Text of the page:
I Love (080)

TAIWAN / 1999 / Chinese / Color / Video / 58 min

Director, Script, Photography, Editing, Sound: Yang Li-zhou
Music: Wen Zi-jie
Producer: Zhu Shi-qian
Production Company, Source: Backstage Studio
No.7, Lane 142, Kuo-kuang St., Chung-ho, Taipei TAIWAN
Phone: 886-2-2952-4840
Fax: 886-2-2962-1955
E-mail: n1210020@ms17.hinet.net

Yang Li-zhou

Independent documentary filmmaker. Born in 1969. Graduated from Tainan National College of the Arts in Taiwan. Fire Brigade (1997) won the Grand Prix in the documentary section of Taiwan Golden Grain Awards, and was screened at Taiwan International Documentary Festival (1998). Highschool Yearbook (1998) won the Taipei Special Prize in the non-commercial section of Taipei Film Awards, and was screened at NAATA Film Festival in San Francisco.

A disturbing close portrait of a young man who, like all other men in Taiwan, must enlist in the army. Dreaming of saving enough money to enter an Australian art college after discharge, he is gradually crushed by the corruption, the verbal violence, and the hypocrisy that festers in the military hierarchy. The filmmaker, his former high school teacher, follows him diligently, but is confronted by the accusation that the camera forces him to live the life it expects. (080) in the title refers to the free-dial code in Taiwan - for the soldiers, a cheap way to chat with telephone operators, and also the hot-line for complainants and informers.

Director's Statement

Our President Li Teng-hui in Taiwan once said, "I am in control of everything but the military."
Confronted with criticism when unaccountable accidents and deaths in the Taiwanese military came to light, Minister of Defense Chiang boasted, "Deaths and injuries are everywhere in Taiwan. Who cares about one death in the army?"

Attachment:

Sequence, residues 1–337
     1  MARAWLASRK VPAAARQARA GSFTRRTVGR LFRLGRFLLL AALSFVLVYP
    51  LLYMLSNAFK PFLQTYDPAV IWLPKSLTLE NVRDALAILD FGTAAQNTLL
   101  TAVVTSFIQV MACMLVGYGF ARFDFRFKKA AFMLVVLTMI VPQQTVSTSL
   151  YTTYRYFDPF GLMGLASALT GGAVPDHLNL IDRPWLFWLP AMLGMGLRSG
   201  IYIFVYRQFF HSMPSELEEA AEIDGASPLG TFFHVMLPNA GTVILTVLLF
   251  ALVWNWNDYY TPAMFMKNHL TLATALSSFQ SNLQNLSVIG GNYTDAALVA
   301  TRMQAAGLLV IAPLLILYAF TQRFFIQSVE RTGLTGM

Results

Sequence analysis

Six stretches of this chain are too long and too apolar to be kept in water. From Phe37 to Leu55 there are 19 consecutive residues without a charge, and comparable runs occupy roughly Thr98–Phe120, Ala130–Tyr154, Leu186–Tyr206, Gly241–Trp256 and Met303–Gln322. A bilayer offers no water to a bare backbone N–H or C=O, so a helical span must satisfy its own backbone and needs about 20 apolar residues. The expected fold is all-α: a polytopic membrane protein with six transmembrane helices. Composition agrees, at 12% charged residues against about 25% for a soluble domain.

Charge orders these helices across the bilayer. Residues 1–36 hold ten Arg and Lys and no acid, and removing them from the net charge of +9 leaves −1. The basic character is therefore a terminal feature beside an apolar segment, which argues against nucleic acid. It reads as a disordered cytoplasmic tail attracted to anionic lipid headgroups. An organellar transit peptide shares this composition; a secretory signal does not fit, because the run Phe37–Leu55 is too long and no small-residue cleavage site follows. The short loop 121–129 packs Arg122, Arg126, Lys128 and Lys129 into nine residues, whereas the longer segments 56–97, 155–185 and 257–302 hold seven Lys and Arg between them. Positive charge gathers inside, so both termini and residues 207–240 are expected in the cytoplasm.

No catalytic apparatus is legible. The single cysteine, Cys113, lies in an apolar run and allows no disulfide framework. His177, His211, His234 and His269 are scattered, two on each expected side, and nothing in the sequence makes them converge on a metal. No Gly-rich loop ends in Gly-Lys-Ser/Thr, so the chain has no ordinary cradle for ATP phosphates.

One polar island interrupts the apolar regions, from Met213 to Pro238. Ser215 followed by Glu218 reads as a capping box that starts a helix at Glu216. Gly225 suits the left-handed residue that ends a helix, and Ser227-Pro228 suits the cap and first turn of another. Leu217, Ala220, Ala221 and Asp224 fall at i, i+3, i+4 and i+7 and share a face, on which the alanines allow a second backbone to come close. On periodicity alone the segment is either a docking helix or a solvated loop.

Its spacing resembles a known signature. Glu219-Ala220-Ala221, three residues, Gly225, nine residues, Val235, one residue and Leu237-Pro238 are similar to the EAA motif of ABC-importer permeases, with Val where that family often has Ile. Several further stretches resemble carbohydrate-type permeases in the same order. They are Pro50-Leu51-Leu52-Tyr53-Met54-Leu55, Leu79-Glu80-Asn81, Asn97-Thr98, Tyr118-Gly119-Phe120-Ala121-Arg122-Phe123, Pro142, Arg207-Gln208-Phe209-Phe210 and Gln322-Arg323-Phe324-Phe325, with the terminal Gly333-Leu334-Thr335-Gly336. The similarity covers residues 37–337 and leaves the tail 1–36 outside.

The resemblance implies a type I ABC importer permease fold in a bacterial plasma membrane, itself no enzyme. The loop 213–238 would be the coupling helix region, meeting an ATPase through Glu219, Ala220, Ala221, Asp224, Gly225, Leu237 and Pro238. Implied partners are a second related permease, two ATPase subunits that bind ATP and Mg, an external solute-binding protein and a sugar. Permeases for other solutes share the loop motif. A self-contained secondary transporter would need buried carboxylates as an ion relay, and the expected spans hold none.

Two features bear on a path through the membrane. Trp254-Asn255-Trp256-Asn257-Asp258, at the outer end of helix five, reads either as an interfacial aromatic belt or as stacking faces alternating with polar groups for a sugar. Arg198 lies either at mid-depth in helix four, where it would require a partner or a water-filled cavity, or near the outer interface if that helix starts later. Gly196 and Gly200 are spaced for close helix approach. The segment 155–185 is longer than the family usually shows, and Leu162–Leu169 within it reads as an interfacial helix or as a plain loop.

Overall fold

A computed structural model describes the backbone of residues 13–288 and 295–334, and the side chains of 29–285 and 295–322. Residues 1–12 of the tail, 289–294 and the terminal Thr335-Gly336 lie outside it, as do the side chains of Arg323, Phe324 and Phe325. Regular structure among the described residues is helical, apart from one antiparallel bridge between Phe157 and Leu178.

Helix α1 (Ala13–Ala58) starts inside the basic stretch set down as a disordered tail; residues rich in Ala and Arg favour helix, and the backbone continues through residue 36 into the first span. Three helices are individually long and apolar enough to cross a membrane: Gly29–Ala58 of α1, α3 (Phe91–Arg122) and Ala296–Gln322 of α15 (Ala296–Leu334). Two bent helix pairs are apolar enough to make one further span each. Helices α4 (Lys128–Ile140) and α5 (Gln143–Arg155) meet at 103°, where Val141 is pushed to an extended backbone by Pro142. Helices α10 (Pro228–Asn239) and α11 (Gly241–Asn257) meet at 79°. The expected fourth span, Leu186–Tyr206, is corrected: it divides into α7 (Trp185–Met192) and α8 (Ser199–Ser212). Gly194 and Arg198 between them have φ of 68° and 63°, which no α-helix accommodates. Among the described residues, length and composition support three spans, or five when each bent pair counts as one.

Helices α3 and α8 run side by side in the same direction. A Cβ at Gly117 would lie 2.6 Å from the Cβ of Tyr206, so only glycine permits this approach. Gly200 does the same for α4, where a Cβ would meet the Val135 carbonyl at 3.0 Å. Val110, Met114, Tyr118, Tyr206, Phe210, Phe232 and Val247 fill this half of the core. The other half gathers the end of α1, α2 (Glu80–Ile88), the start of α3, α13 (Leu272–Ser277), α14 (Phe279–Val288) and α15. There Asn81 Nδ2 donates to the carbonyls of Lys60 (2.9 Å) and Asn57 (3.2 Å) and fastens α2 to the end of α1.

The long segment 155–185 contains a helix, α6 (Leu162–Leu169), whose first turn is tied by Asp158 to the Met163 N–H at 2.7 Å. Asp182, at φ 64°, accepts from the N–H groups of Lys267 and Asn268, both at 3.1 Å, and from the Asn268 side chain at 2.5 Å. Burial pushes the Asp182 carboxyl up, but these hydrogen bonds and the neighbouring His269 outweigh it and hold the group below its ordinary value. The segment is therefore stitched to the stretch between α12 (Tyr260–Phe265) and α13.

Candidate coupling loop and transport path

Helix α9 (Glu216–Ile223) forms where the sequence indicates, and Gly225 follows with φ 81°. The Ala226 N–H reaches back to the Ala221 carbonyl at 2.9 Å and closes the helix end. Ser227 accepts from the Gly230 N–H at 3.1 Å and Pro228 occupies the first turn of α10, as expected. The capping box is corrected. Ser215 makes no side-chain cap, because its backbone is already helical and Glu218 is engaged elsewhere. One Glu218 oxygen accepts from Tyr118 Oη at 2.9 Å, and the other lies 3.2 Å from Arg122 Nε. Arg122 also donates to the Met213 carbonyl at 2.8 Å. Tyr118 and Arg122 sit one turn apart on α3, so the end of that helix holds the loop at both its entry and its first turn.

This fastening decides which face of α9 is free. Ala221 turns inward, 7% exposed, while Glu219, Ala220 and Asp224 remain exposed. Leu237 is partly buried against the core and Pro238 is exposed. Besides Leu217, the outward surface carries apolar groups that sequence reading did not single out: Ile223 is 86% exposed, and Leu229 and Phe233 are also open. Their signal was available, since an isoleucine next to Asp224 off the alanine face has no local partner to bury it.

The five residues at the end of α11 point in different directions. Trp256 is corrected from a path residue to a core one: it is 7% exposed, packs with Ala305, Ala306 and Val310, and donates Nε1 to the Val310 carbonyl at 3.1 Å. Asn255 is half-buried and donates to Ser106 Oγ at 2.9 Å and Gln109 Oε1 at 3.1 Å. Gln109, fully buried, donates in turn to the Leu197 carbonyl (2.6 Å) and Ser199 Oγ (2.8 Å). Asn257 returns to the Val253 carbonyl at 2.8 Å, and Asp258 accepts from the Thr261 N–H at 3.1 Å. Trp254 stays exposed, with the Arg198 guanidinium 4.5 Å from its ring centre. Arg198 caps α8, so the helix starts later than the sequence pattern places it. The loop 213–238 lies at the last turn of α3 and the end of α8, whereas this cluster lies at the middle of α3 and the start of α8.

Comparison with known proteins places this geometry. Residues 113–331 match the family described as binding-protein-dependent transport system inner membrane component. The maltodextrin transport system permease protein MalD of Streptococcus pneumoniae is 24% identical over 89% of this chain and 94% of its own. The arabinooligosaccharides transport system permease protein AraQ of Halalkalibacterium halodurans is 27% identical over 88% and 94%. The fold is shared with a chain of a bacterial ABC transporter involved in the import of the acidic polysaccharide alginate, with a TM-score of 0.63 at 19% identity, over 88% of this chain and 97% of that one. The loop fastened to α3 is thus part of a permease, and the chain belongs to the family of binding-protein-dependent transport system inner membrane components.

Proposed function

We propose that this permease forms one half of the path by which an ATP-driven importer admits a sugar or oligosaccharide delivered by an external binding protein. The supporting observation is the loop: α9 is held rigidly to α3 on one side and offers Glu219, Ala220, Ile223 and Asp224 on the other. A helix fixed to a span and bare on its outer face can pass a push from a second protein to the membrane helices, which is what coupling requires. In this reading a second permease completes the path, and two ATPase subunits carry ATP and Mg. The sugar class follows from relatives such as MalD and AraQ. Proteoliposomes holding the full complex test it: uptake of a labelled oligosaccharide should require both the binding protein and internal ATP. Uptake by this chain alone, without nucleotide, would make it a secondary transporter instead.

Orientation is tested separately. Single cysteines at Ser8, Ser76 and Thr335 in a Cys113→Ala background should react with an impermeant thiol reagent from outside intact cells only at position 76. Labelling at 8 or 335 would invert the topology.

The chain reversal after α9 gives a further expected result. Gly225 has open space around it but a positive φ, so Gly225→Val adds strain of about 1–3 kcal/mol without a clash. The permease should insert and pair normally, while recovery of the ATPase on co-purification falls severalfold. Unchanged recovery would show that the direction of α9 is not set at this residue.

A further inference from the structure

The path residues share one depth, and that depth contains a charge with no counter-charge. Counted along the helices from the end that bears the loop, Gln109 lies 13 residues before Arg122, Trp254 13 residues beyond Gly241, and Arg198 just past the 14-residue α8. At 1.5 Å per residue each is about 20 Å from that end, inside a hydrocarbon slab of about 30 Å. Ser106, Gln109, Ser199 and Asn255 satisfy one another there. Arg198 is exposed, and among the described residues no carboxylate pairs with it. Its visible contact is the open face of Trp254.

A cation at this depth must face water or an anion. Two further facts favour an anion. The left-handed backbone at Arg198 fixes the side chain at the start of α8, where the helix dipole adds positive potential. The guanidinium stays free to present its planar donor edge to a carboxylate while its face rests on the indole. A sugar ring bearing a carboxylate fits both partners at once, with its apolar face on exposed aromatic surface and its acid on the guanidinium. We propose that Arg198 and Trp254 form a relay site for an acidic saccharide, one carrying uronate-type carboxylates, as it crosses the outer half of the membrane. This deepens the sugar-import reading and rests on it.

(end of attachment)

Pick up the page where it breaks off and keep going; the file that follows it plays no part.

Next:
In Taiwan, the constitution states that every man is required to serve in the army for a period of two years. But the dark and isolated world of the military has become a nightmare for all Taiwanese mothers. Though it is already more than 50 years since the Nationalist Party (KMT) retreated to Taiwan from the Mainland, it continues to uphold the system of compulsory military service. This is done in order to maintain its political power. Each year it sends two hundred thousand young lives into the hands of a system that designates "steel cup handle on the right, toothpaste on the left."
Their lives are frozen in time as two years of their youth is wasted counting down the remaining days in service, and only when the countdown reaches zero does their real life begin.
Yes, let me start the shooting, let's have a real look at what's going on in our army, in the young soldiers' hearts! As I continued filming, suddenly I remembered the grimness hidden in Minister of Defense Chiang's remark: "Deaths and injuries are everywhere in Taiwan..."
I started to shiver.
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COPYRIGHT:Yamagata International Documentary Film Festival Organizing Committee